Last year, after the horrible mass murder targeting Congresswoman Gabrielle Giffords, I wrote about the misogyny and obsession with masculinity that underlies this and other such violent acts. Later, more information was revealed about shooter Jared Lee Loughner and his pervasive fear of women in power.
The same sort of thing seems to have influenced the alleged killer in Norway, Anders Breivik. As Michelle Goldberg writes at The Daily Beast in a really thorough article parsing the mass-muderer’s manifesto to find the hatred of women right on the surface of his ideology.
Rarely has the connection between sexual anxiety and right-wing nationalism been made quite so clear. Indeed, Breivik’s hatred of women rivals his hatred of Islam, and is intimately linked to it. Some reports have suggested that during his rampage on Utoya, he targeted the most beautiful girl first. This was about sex even more than religion.
His parents divorced when he was a year old, after which his feminist mother married a Norwegian army captain, and his father wed a fellow diplomat who Breivik calls a “moderate cultural Marxist and feminist.” Though he describes his stepfather as somewhat conservative, he nevertheless complains of a “super-liberal, matriarchal upbringing,” which he says has “contributed to feminise me to a certain degree.”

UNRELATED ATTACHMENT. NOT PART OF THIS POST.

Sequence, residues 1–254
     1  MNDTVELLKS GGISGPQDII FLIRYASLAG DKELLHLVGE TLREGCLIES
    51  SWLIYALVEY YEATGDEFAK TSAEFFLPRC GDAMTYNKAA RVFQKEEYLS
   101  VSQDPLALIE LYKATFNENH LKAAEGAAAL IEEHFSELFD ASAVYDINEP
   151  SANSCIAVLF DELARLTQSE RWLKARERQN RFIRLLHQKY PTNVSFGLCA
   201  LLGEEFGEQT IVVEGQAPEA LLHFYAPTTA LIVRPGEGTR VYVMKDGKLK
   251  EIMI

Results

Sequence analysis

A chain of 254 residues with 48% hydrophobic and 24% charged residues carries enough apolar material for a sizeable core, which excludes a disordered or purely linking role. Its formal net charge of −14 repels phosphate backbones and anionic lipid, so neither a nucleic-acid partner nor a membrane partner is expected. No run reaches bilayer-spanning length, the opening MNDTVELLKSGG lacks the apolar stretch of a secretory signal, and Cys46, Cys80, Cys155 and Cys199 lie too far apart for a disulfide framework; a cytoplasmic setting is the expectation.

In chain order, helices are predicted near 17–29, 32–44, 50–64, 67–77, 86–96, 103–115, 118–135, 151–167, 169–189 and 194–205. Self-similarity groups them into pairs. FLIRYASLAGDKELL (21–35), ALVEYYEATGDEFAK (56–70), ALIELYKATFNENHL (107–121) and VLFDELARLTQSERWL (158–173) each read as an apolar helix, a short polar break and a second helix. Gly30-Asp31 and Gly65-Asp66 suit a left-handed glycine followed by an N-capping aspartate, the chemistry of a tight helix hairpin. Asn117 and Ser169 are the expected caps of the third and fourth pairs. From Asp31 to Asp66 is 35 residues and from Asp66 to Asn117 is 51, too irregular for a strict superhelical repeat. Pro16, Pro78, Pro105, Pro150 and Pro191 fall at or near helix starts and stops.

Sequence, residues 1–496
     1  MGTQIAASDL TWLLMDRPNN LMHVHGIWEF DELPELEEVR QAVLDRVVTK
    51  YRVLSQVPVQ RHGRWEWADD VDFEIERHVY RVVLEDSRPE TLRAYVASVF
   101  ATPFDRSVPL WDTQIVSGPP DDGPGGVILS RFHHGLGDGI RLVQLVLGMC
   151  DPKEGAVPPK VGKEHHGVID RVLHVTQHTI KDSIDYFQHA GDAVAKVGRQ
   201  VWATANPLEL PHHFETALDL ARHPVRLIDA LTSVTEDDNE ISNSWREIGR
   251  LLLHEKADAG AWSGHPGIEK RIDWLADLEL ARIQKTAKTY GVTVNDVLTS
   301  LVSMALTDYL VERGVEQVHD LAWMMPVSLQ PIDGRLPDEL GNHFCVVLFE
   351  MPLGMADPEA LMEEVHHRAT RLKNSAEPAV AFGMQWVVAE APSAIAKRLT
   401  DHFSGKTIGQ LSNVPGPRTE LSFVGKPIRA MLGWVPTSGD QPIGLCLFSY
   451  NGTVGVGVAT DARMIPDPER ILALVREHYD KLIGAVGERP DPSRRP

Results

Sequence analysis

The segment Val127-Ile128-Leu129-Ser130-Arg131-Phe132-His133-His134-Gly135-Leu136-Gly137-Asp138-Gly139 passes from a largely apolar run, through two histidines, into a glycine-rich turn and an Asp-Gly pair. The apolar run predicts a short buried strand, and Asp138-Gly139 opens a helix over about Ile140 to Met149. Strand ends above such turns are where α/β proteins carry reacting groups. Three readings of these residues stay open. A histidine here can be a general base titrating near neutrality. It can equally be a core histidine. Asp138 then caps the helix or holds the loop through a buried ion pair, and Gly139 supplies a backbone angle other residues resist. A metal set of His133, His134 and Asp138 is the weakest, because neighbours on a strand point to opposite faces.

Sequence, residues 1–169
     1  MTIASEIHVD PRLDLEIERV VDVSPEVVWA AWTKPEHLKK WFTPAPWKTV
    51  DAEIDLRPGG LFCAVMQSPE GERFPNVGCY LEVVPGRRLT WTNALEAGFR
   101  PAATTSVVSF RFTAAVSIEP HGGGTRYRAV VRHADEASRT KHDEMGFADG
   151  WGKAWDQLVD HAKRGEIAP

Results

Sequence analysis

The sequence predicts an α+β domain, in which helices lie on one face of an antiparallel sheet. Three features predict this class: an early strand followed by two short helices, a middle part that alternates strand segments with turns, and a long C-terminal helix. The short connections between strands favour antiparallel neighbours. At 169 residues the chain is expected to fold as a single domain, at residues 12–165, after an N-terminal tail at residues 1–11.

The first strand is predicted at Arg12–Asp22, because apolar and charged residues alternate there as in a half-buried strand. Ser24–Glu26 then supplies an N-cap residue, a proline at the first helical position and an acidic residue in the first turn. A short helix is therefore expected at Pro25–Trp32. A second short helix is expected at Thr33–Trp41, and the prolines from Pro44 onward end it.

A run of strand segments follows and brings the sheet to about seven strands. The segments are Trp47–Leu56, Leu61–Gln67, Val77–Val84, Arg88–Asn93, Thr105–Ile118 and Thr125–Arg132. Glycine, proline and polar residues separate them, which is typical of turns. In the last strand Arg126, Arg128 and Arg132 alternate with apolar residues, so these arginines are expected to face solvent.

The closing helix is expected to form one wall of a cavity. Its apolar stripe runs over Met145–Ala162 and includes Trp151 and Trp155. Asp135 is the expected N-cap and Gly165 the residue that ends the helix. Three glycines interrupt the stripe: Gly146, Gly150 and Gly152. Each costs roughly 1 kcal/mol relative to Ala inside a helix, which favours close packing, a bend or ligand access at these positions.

A terror of feminization haunts his bizarre document.
By logical extension, it can be inferred that terror of feminization and desire to prove some sort of outsize manliness probably fed into the violence, just as it did with Loughner.
On the same note, Nona Willis-Aronowitz writes at GOOD magazine about the horror of seeing her mother, writer Ellen Willis, mentioned in the document and what it made her realize about the killer’s hatred:
Breivik mentions her in the same breath as Simone de Beauvoir (go Mama!) and blames them for the “skyrocketing divorce rates” and “plummeting birth rates” that created a “cultural and demographic vacuum” in the West. According to Breivik, this vacuum led directly to the Islamic takeover he cited as justification for Friday’s bombing and shooting spree.
As soon as I read my mother’s name in the context of Breivik’s horrific attack, the deaths in Norway hit home. Breivik wasn’t just talking about my mom. He was talking about an entire movement of women I know and love. He was talking about me.
If the routine harassment and murder of abortion providers and the callousness displayed towards rape victims isn’t enough, let incidents like these remind us of the hurdles still facing the push for gender equality.
I truly believe that feminism, in its purest end goals, is wonderful for the male-identified among us: it liberates them from the oppressions of socially-constructed masculinity. But on the way there, like all social justice movements, it takes away certain levels of entitlement, the idea that they are somehow better or stronger.
Breivik may have been some sort of sociopath to begin with, but as the violence of so many white Southern men during the Civil Rights era, and the violence both threatened and real of xenophobic European neo-fascists, and countless other examples prove, when entitlement and privilege is undermined by equality, people can turn to rage very quickly. The results are too often deadly.